regarding any alleged violation of DPD manual provisions related to Slappy’s
detention. Defendants argue that a failure to comply with an administrative
rule or policy does not itself rise to the level of a constitutional violation.
Laney v. Farley, 501 F.3d 577. 581 n.2 (6th Cir. 2007); Brody v. City of
Mason, 250 F.3d 432, 437 (6th Cir. 2001); Smith v. Freland, 954 F.2d 343,
347-48 (6th Cir. 1992). They argue that presenting this evidence would be
irrelevant, more prejudicial than probative, misleading to the jury, and
confusing on the issues.
Slappy responds that each Defendants’ state of mind is directly at
issue and evidence of policy violations is relevant to establishing their state
of mind. Slappy intends to discuss policies that demonstrate Defendants’ had
notice and knowledge of proper procedures regarding: arrest; transporting
detainees/arrestees. Despite their notice and knowledge, Slappy argues that
Defendants violated DPD policies. He says Defendants’ failure to follow
policies demonstrates deliberate indifference and shows willful and wanton
misconduct, which may establish punitive damages.
Defendants’ alleged failure to follow DPD police manual provisions
may establish deliberate indifference. Moreover, case law does not
categorically exclude evidence of the violation of administrative rule or policy.
Luna, 2013 WL 12316066 at *6, n.3; Alvarado v. Oakland County, 809 at 680
(E.D. Mich. 2011). Although violation of a rule or policy does not determine
constitutional law, it may be relevant to whether a defendant acted within
constitutional bounds. Luna, 2013 WL 12316066 at *6, n.3.
The Court DENIES WITHOUT PREJUDICE Defendants’ motion.
To exclude reference to opposing counsel’s former
career in law enforcement, government, or personal
Experience with Police [ECF No. 76]
Defendants seek to preclude Plaintiff’s attorneys from discussing their
former careers in law enforcement, government, or their personal
experiences with police because it would improperly infer to the jury that
counsel possesses specialized knowledge, and would amount to an
invitation to ask the jury to decide the case based on emotional reactions
rather than objective evidence in violation of Fed. R. Evid. 403. Mr. McNeal
is a former city attorney; Mr. Robinson is a former DPD officer.
Slappy points out that Defendants provide no case law in support of
their position that reference to former law enforcement careers, government
careers, or personal experiences with police are improper topics. He asks
the Court to deny the motion.
Courts generally afford great latitude in opening statements and
closing arguments. Niles v. Owensboro Med. Health Sys., Inc., 2011 WL
3205369 at *5 (W.D. Ky., July 27, 2011).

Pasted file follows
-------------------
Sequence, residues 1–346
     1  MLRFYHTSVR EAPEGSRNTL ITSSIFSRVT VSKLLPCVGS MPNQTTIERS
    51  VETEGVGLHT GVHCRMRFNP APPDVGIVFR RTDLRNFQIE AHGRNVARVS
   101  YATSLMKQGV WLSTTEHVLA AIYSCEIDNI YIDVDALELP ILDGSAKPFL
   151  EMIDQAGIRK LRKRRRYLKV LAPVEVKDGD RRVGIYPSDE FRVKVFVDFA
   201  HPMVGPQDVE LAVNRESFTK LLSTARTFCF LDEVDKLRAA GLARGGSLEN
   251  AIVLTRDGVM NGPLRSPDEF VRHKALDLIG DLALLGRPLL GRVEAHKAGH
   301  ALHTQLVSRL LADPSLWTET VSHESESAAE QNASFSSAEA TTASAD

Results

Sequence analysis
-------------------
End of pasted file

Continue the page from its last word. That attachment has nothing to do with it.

The Court DENIES Defendants’ motion. The Court will instruct the jury
that the “statements and arguments made by the lawyers are not
evidence…” and that “what [the lawyers] have said in their opening
statement, closing arguments, and at other times is intended to help [them]
to understand the evidence, but is not evidence.” See Devitt and Blackmar §
130:30. But, the Court cautions Mr. McNeal and Mr. Robinson to keep their
references to a minimum due to the risk of presenting themselves to the jury
as experts with specialized knowledge.
To exclude evidence or testimony regarding any judge
or jurors’ opinion or comments concerning the truth or
falsity of plaintiff’s claim [ECF No. 77]
Slappy was a party in multiple criminal trials related to the incidents
underlying his claims in this case. Defendants move to exclude Slappy from
introducing testimony, evidence, opinions, or comments from the judges and
jurors involved in those criminal cases as a violation of Fed. R. Evid. 403.
Slappy does not object.
The Court GRANTS Defendants’ motion.
To exclude evidence or testimony allocating fault to
Officer Eric Bromley [ECF No. 78]
Defendants asks the Court to exclude evidence or testimony allocating
fault to Bromley because it would not pass Fed. R. Evid. 403. Defendants
argue that Bromley was not the arresting officer.
Slappy argues that Defendants’ motion is merely a rephrased motion
for summary judgment and the time for filing such dispositive motions has
On summary judgment, the Court considered this issue. [ECF No. 50].
It held that questions of fact remain as to whether Bromley was the arresting
The Court agrees with Slappy and DENIES Defendants’ motion.
To preclude Plaintiff from seeking damages as to
Defendants Eric Bromley and Eric Carthan beyond
the time of his Second Arrest [ECF No. 79]
Defendants ask the Court to preclude Slappy from providing testimony
or evidence allocating damages to Carthan and Bromley beyond the time of